Our theme for this month: “Change is good for you”
Our Bible verse for today: “Remember the Sabbath day, to keep it holy. You are to labor six days and do all your work, but the seventh day is a Sabbath to the Lord your God. You must not do any work – you, your son or daughter, your male or female servant, your livestock, or the resident alien who is within your gates. For the Lord made the heavens and the earth, the sea, and everything in them in six days; then he rested on the seventh day. Therefore the Lord blessed the Sabbath and declared it holy.” Exodus 20:8-11 (CSB)
Our thought for today: “You need to practice Sabbath”
The word “Sabbath” comes from the Hebrew word “Shabbat” and literally means “to stop”. As John Mark Comer wrote in his book “The Ruthless Elimination of Hurry”, “Sabbath is simply a day to stop: stop working, stop wanting, stop worrying, just stop.” It’s a time to take our focus off of the demands and chores and obligations and worries that fill up our lives the other six days of the week and to focus on God, and then on ourselves. It’s a time intended by God for us to worship, rest, renew, and enjoy.
Many Christians today mistakenly believe that the concept of Sabbath was an Old Testament teaching that applied only to the Jews, and that it doesn’t apply in the New Testament Age. But that’s just not true.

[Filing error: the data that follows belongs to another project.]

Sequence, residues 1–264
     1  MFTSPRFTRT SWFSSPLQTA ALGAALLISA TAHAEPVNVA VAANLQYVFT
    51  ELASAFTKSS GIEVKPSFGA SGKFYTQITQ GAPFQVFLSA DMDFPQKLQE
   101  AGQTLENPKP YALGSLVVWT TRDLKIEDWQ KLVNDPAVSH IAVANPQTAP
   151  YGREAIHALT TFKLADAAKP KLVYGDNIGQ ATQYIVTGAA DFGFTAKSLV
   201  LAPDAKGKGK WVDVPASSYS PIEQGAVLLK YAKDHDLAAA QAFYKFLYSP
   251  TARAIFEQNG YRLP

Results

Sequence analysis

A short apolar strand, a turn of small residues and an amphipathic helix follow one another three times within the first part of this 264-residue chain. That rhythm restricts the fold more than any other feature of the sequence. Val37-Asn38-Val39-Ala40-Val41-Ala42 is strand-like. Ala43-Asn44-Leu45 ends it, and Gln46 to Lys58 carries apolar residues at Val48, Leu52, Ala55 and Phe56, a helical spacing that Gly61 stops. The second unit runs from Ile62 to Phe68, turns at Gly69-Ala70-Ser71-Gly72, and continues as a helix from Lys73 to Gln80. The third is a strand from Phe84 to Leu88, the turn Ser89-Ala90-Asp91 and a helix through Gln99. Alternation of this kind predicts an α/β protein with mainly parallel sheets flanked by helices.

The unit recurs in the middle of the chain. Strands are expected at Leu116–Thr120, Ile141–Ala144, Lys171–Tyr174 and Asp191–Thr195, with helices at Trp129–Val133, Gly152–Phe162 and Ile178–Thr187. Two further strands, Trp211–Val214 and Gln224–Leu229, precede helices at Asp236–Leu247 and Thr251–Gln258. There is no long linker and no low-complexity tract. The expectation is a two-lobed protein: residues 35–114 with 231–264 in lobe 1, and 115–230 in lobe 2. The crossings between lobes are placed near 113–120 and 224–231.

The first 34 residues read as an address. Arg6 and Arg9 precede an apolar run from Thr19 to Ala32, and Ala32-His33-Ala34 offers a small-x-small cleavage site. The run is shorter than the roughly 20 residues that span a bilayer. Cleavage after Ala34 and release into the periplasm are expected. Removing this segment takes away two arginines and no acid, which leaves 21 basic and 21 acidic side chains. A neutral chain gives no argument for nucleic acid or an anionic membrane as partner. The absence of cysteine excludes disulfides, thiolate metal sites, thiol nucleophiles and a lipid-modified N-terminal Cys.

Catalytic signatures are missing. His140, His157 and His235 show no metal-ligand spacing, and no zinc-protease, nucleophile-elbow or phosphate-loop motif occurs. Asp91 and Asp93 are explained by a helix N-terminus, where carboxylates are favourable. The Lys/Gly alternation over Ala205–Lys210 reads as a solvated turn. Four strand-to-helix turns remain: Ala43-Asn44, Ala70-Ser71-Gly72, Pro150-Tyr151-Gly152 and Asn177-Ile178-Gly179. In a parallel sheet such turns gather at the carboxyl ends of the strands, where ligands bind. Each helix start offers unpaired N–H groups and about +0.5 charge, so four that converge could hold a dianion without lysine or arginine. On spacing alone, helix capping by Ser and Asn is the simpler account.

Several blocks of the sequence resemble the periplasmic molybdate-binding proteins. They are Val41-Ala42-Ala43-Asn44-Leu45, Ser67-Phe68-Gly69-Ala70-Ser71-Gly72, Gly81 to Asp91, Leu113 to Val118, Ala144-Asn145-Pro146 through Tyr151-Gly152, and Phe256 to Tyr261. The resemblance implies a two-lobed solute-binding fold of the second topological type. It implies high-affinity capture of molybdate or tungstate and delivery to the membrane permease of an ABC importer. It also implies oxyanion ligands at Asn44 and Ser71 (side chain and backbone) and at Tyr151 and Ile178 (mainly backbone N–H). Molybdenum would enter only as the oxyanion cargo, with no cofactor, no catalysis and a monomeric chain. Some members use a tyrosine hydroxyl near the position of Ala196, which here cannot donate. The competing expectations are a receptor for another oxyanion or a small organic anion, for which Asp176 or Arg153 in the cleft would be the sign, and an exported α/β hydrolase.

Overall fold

Observing the Sabbath is one of the Ten Commandants (the fourth). It’s the only spiritual discipline that made it onto that list. Praying is not one of the Ten Commandments. Neither is reading your Bible; or putting a check in the offering plate; or serving in a ministry at church; or any of the other things we normally associate with the ways in which we practice our faith. Only the practice of Sabbath is on that list of Ten Commandments and none of the Commandments have been superseded or done away with. It’s not as if there are only Nine Commandments still operative in our day. All ten of them still apply, including observing the Sabbath.
The concept of Sabbath – of just “stopping” is so important, and we need it so badly, that God modeled it for us in the creation account by resting on the seventh day. It’s not as if He was tired; it’s not as if He had things He needed to stop fretting about for a day; it wasn’t that He had unfulfilled wants and desires that occupied His thoughts the other six days of the week and which He needed to let go of for a while. God rested as an example for us. In Mark 2:27 Jesus even told us that God created the Sabbath for our benefit. You need a day of the week that is set aside exclusively to refocus on God in worship, and then to rest and recuperate – and the truth is that many of us are bad at this. Many of us make excuses for skipping church, and then we fill our Sundays with busyness and chores.
Hopefully one of the changes each of us experiences as a result of this COVID 19 isolation is we will come out of it with a renewed appreciation for our group worship experiences, and for the importance and pleasure of downtime and renewal. That’s what the practice of Sabbath is supposed to be for us.